GST data is giving us signs that the economy is witnessing a churn, implying that Q3 will very likely be better than Q2.
The decade could not have started on a more positive note with the data of December goods and services tax (GST) collections showing a 9 per cent increase compared to the previous year. It is now well recognised that we witnessed a dramatic slowdown over the last few quarters — and that this slowdown did have an impact on tax collections.
The fact that consumption was muted is also well recognised. A general pessimistic sentiment had resulted in adversely impacting discretionary consumption which ended up in slowing the economy further. Self-fulfilling expectations is perhaps why managing the sentiment is equally important as managing the fundamentals.
To be fair, in 2019 we did see government make moves to address the slowdown and one hopes for more such measures in the upcoming Budget.
However, despite the pessimism and the slowdown, I have always argued that the cycle would start turning from third quarter (Q3) onwards. That argument was based on analysing the patterns of business cycles in India and trying to use the high frequency data to make a fair assessment regarding the future.
We will find evidence in support or against my hypothesis when Q3 numbers are made public, and as per my latest forecast, Q3 growth would be between 5-5.4 per cent. This forecast includes the data point of GST collections for the month of December 2019.
Meanwhile, just as the GST collections data was released, many commentators and experts started to dissect the data in order to look at potential signals. One such analyst — who appears to be an anonymous Twitter handle — has been arguing that nominal GST growth and gross domestic product (GDP) growth must be the same and that real GDP growth must be 0.
The claim has several problems, as for starters, it assumes that there is a correlation coefficient of 1 between the two nominal variables. Moreover, it somehow implicitly assumes a directional causality ignoring the fact that the relationship between tax collections and GDP is not a unidimensional one.
It ignores the notion of tax buoyancy which is extremely important for any analysis on tax data. Tax buoyancy essentially gives us a measure for an increase in the tax revenues caused by an increase in growth rates. That is, a tax buoyancy of 1.1 means that revenue grows by 1.1 per cent for a 1 per cent increase in growth rates.
Now the question is whether tax buoyancy is constant over time; the answer is it is not. In fact, during economic slowdowns, buoyancy goes down and therefore, to assume GST collections having a one-to-one relationship with GDP growth rate is perhaps not the soundest economic analysis.
There are two interesting facts that need adequate attention.
First is the strong revival of GST collections from the month of November. This suggests that discretionary demand seems to be getting stronger and a part of it could be a general change in future outlook — or perhaps even the heavy discounts being offered by companies across different sectors.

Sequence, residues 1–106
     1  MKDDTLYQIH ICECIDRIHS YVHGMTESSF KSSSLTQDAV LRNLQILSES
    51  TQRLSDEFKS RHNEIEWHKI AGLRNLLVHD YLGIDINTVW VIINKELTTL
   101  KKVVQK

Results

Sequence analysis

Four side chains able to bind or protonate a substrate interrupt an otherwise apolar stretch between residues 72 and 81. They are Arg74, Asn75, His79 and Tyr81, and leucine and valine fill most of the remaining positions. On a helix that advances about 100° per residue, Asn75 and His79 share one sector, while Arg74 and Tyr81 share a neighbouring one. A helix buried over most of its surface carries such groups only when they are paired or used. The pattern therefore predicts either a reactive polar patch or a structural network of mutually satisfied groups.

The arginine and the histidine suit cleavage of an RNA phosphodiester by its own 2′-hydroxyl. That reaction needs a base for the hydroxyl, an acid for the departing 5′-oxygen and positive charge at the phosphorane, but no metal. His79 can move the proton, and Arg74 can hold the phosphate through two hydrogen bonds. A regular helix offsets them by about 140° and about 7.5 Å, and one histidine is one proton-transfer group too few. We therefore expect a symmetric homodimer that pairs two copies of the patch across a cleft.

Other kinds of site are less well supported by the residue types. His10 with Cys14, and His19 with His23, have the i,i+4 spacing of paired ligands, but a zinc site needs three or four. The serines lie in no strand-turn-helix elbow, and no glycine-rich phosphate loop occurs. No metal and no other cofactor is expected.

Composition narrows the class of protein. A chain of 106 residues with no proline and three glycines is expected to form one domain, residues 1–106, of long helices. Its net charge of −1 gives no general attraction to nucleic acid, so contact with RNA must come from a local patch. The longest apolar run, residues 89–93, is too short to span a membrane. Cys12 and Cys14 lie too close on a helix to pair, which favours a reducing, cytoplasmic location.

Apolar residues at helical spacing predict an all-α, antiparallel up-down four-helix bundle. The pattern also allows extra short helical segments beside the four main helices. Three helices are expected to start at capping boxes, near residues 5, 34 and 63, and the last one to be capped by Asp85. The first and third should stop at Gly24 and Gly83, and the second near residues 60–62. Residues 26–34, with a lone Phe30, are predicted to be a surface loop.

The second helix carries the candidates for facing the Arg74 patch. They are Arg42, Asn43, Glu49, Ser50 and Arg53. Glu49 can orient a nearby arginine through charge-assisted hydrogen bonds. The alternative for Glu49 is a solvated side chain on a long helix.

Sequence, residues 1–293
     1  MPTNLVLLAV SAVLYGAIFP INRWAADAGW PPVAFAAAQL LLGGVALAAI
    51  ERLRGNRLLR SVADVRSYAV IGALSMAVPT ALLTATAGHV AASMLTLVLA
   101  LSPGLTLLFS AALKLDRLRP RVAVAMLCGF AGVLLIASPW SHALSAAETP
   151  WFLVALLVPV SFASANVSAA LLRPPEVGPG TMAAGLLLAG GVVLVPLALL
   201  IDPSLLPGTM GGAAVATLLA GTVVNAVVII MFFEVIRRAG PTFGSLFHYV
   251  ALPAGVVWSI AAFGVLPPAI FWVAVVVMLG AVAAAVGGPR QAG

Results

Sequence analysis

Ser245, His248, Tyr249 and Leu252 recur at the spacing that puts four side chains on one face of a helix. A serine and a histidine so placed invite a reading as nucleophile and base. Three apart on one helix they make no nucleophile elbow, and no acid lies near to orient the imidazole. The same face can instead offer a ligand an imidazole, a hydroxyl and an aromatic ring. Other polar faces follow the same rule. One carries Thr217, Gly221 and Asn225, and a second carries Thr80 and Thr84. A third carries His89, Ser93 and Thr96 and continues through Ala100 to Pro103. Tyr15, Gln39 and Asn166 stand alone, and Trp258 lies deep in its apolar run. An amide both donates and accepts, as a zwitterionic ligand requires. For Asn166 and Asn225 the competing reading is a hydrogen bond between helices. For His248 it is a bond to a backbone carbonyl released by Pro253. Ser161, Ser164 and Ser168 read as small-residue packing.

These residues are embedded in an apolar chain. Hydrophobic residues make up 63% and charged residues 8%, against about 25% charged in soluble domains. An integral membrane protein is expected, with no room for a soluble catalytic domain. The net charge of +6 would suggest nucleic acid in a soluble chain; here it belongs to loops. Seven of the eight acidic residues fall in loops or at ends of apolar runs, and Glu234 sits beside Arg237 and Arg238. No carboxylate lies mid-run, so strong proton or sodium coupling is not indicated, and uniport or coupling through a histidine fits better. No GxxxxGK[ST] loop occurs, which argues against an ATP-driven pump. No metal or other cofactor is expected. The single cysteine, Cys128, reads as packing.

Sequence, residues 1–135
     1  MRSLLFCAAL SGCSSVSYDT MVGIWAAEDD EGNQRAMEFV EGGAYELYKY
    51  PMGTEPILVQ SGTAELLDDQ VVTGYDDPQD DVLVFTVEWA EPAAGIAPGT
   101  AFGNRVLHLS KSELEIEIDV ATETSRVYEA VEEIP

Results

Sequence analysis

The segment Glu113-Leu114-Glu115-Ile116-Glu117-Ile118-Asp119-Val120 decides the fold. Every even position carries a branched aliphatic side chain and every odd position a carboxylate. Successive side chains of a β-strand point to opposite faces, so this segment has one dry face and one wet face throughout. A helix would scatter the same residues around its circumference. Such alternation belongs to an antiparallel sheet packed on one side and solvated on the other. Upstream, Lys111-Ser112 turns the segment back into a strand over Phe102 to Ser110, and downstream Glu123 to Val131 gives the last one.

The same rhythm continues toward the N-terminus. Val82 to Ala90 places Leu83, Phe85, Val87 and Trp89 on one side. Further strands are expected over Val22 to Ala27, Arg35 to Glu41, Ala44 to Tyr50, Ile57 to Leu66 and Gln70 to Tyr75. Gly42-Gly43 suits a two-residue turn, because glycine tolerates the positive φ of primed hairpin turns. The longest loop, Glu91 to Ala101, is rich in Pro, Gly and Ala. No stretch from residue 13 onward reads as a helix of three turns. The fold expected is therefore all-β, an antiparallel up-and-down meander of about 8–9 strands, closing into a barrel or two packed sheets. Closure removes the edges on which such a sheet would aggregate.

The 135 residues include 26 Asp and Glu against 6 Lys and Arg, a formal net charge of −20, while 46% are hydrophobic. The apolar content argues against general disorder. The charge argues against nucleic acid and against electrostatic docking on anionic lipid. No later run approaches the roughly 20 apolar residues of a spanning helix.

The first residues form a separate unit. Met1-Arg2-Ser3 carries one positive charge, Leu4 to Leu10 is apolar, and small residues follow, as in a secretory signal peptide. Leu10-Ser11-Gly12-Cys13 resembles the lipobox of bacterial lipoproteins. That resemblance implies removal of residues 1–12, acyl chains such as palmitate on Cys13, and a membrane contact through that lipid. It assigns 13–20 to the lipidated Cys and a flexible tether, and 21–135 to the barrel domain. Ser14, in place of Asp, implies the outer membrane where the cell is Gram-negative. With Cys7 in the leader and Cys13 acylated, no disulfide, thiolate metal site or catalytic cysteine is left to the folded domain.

This is nevertheless an encouraging sign and if it continues throughout the next three months then we could be looking at a figure close to 7 per cent for the first quarter of the coming financial year.
Another issue that many keep raking up is to do with notification 49A, which was to do with GST refunds being limited to 20 per cent. The recent amendment brings it down to 10 per cent where invoices are not uploaded by the supplier.
This is a genuine concern for small vendors and this notification has indeed increased compliance costs along with choking working capital of micro, small and medium enterprises (MSMEs).
Perhaps, we need to invest in our systems to identify cases of GST refund frauds rather than burdening all our businesses with an additional compliance to ensure that their vendors upload the invoice so that they can claim their GST refunds.
Imagine the impact on productivity, and hence on growth (of even revenues) if we got rid of such compliances and allowed our business to just focus on increasing their profits? GST Council should perhaps have discussion on this particular notification, and we should find a better solution to the problem of refund frauds.
Having said that, the data we are looking at are of gross GST collections and not net GST collections. Therefore, any impact on GST refunds etc will not be a part of this data as it is the collections which are being compared to collections in the previous year of the same month or quarter.
GST is fundamentally a great reform and its present structure is definitely better than what it was at its introduction.
Indeed, it is a work in progress and there is still scope for reforms. One important advantage of GST, however, will be the data over a longer period of time as it will provide us with real time information regarding consumption which can be utilised for even National Account Statistics in future.
But for now, one must recognise that GST data is giving us signs that the economy is witnessing a churn, and that we may have bottomed out in September-October of 2019. This implies that Q3 will very likely be better than Q2, and hopefully we will know this for sure once the GDP figures are released.